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TV REVIEW: Dr. Herman Faces Her Own Mortality in Grey’s “Staring at the End”

By on February 27, 2015

Photo Credit: ABC/Richard Cartwright

The shiny, happy people we saw in last week’s Grey’s Anatomy were replaced with doubting, anxiety ridden docs worried about tumors, and surgeries, and afterlife. “Staring at the End” focused on Geena Davis’ tumor ridden Dr. Herman and Amelia Shepherd’s struggle to take the offending mass down. This one didn’t have the raw emotion of the lost April/Jackson baby, but it did bring up some pretty heavy subjects including what happens when we die.

The happy Herman we thought we saw last week is gone at the start of “Staring at the End” leaving us feeling like we only imagined the giddy surgeon. Tonight’s offering begins with the sick doctor narrating. “Where do we go when we die? These questions without any answers will drive you nuts.” Staring at one’s own mortality can put a damper on all those happy go lucky feels. Grey’s takes us down the uncomfortable road of self-examination with a “what does it all mean” episode.


Is Amelia “the other Shepherd” or “the wrong Shepherd”?

Owen and Amelia continue their awkward, maybe romance barely able to talk to each other discussing tumors and coffee. Girl Shepherd doesn’t need the distraction of a budding romance with the Herman surgery so near, but she can’t help but love the Hunt attention.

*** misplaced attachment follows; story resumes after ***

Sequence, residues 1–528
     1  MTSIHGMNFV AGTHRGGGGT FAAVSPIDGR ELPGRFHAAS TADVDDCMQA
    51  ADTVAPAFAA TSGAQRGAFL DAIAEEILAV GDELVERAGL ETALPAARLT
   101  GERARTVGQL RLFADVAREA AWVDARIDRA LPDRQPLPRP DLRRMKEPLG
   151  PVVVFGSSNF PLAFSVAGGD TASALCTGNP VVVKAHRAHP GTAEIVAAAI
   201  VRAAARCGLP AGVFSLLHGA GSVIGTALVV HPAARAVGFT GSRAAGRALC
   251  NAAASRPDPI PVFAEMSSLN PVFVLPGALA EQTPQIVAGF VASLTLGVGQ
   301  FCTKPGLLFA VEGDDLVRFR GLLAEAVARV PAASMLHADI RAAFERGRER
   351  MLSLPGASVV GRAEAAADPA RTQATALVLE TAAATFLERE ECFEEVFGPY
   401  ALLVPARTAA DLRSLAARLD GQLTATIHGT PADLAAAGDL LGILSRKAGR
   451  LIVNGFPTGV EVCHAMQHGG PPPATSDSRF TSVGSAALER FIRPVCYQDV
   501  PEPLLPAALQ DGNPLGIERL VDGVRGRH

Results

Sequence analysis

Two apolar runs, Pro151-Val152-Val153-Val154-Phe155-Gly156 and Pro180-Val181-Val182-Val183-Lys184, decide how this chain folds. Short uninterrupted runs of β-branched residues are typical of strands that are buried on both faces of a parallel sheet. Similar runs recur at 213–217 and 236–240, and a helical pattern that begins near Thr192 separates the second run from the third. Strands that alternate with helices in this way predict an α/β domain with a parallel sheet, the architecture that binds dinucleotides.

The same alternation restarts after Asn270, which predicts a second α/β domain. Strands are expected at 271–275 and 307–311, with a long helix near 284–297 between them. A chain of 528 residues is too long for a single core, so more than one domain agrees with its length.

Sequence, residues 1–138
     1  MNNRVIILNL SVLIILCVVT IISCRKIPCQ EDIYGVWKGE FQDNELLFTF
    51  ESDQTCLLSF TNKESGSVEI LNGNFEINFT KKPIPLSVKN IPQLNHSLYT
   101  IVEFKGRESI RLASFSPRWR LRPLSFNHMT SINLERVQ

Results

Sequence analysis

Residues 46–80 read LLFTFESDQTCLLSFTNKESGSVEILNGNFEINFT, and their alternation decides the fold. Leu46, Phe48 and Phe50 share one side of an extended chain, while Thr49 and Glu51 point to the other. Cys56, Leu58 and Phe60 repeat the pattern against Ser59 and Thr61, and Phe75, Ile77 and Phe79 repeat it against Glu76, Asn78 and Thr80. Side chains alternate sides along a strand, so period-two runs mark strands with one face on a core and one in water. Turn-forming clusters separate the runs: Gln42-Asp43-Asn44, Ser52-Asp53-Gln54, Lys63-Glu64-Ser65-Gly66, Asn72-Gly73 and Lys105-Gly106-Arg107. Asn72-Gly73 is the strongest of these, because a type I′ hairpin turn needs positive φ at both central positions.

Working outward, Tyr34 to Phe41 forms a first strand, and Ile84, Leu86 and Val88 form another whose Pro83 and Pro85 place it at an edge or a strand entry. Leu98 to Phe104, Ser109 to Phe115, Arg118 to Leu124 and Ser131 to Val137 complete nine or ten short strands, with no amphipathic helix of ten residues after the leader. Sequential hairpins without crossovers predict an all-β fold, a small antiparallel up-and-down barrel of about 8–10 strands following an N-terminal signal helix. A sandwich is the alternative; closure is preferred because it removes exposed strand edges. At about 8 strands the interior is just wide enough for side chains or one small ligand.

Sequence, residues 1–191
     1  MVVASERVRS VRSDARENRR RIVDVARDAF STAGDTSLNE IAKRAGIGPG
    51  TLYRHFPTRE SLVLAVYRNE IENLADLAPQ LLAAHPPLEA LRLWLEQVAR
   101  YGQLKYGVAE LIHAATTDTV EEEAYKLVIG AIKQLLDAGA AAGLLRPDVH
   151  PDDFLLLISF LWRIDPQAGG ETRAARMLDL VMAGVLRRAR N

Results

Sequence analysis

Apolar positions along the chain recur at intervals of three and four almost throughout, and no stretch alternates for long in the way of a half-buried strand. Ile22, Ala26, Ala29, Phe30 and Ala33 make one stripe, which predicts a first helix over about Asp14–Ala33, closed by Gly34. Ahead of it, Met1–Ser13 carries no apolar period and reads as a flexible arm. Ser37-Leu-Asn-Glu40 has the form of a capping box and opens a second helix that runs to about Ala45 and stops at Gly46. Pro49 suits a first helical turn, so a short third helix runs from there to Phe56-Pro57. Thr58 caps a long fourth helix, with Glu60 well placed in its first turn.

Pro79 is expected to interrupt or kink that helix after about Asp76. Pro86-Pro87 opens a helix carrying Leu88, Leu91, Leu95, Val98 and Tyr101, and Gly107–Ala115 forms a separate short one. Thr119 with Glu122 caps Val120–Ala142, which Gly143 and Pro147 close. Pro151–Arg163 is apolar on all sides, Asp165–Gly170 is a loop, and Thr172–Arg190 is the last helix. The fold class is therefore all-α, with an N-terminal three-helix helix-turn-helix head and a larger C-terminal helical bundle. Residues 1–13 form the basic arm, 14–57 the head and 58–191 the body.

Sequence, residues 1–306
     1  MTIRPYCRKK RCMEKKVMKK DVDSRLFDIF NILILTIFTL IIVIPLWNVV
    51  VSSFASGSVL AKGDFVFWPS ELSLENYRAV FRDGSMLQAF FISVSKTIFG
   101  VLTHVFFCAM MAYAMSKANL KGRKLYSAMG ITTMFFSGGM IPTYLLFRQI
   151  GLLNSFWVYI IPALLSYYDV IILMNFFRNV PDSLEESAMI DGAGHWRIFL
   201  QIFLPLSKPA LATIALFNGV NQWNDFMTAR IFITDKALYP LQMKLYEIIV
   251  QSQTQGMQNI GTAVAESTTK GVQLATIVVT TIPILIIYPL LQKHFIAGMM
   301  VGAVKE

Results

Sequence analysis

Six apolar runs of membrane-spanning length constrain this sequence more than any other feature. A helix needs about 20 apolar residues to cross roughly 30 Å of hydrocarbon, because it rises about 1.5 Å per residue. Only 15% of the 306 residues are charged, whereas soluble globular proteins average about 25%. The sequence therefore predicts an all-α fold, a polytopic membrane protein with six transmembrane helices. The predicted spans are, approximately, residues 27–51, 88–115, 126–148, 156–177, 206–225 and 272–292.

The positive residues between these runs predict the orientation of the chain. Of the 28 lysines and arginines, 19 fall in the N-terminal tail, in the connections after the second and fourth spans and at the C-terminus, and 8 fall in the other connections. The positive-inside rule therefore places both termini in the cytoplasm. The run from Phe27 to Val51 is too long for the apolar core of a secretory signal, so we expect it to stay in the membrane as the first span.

“Owen, thank you for bringing me the coffee. I really like it,” she tells him uncomfortably. It’s this bumbling awkwardness that makes their new relationship so endearing; it really is the only reason we’re even considering allowing some Hunt happiness after Cristina. Another reason these two are so cute, is that Amelia is coming into her own as an actual character we care about. She’s earning her spot in Grey’s beyond just being Derek’s sister, beyond being the former druggie doctor from Private Practice. We realize she’s developed a personality, a voice.

We hear that voice throughout “Staring at the End” as we see Amelia preach about the Herman tumor to a packed lecture hall of Grey’s doctors. Her Tumor 101 session includes little gems like it can even grow teeth, hair, and a random eye. Ew! She compares the tumor to a fetus, wanting to develop and thrive.

“Why do I call it baby and try to kill it? Because this type of tumor deserves respect… It’s not just a tumor it’s adaptability… it’s poetry … it’s one of God’s masterpieces… This tumor thinks it owns the place.”